On a recent Tuesday morning I woke up at 4:30 a.m. after only four hours of sleep and headed 60 miles up the freeway to Santa Monica, a beautiful beachside city in Los Angeles County. There I was joined by two of my good friends, Jennifer Kushell, founder of YSN, and Jane Pak, who heads up NAWBO-LA (that’s the National Association of Women Business Owners-L.A.). For four hours we set up shop at a table in Amelia’s Espresso & Panini, a mom-and-pop coffee shop (though to call it that doesn’t nearly do it justice) and answered questions about small business.
Amelia’s Espresso & Panini is owned and operated by Amelia herself, her husband Ralph, and their son Gianni, and is literally located on Main Street. Just six weeks ago the three of us were there for our monthly breakfast gabfest and spontaneously decided we needed to volunteer some time to help rebuild America’s small businesses, one Main Street at a time. And so Mod Squad on Main was born.
A diverse group of entrepreneurs stopped by our table, including Lorraine and Jessica, two high school students enrolled in a Biz Camp run by the L.A. chapter of the Urban League. These young girls were focused on their futures as entrepreneurs; Lorraine wants to start a law firm and Jessica plans on opening up a healthy bakery. Another teenager came to our table with one idea in mind, but after talking with us, left even more energized with a different, more viable plan.
Many already successful business owners stopped by as well, including a realtor with a still successful business (unlike many in the hard-hit southern California real estate market), a handbag manufacturer, and a video streaming entrepreneur. One startup founder, who opens the doors to her new business in three weeks, was making deals while waiting in line. These business owners gave as good as they got, which is always the best basis for an interesting conversation.
The “high” that Jen, Jane, and I got from talking to these entrepreneurs is so indefinable I cannot adequately put it into words. So instead let me suggest some proactive actions you can take yourself:
Shop small. As entrepreneurs we should patronize our fellow business owners whenever possible. That’s one reason we picked Amelia’s as our first venue, instead of a chain coffee house. I know shopping small is not always possible or affordable, but if even a small percentage of all 27 million of America’s small business owners made the effort to “shop small,” it would make a difference.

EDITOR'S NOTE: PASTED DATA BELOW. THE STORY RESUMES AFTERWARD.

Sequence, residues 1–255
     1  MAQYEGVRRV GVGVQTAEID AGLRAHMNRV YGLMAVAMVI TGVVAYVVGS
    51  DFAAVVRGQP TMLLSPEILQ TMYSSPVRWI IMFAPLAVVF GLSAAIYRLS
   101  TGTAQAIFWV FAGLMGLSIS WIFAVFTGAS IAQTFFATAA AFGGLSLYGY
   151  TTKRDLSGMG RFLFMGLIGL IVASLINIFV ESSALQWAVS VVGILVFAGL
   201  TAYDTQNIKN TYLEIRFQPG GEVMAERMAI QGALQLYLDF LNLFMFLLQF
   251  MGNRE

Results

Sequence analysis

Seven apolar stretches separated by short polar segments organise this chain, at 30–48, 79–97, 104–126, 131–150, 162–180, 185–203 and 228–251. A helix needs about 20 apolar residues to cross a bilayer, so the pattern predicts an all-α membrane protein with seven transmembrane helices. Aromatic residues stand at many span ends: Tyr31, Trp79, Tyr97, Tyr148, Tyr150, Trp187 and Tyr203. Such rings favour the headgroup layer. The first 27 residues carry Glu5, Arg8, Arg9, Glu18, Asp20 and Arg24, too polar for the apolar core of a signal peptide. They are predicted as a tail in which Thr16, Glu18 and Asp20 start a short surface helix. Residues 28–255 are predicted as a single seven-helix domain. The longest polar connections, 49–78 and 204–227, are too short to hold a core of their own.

Speak up. Contact your elected representatives. Whether it’s at the local, state, or federal level, we need to demand that entrepreneurs are represented in any and all economic recovery plans. I was so wound up after talking to some of the entrepreneurs about the cost of health care insurance, once I got back to my computer I wrote to my Congressman and told him to stop wasting his time and my taxpaying dollars worrying about silly stuff and get back to work on the things that matter.
Join a group. Consider joining a group or association to help combine and strengthen your voices. Every entrepreneur should be a member of his or her industry’s trade association. They’re the voice of your industry and have a lot to offer: member benefits often include access to discounted health insurance, networking opportunities, and forums in which to share success tips and best practices. In addition to your trade association, I recommend joining at least one other association. It could be your local Chamber of Commerce, or groups that represent your specific interests (like NAWBO for women business owners). I am a new member of NAWBO-LA and have already benefited from the women I’ve met and the seminars and workshops I’ve attended.
Talk to a kid. I mean no disrespect here. When you’re having a down day or feeling defeated, nothing can pick you up quicker than talking to a teenager whose goal is to be a successful business owner. Sure, they might be a bit naive and a little unfocused, but their energy and enthusiasm is contagious. They simply believe they will succeed. Some days we all need to be reminded of the power of positive thinking.
Recessions don’t go away by themselves, and getting past this one will take all of our combined efforts. We cannot afford to wait it out. As General George S. Patton said, “Opportunities do not come to those who wait. They are captured by those who attack.” It’s past time we entrepreneurs went on the attack, helping one another and demanding what we deserve and need.
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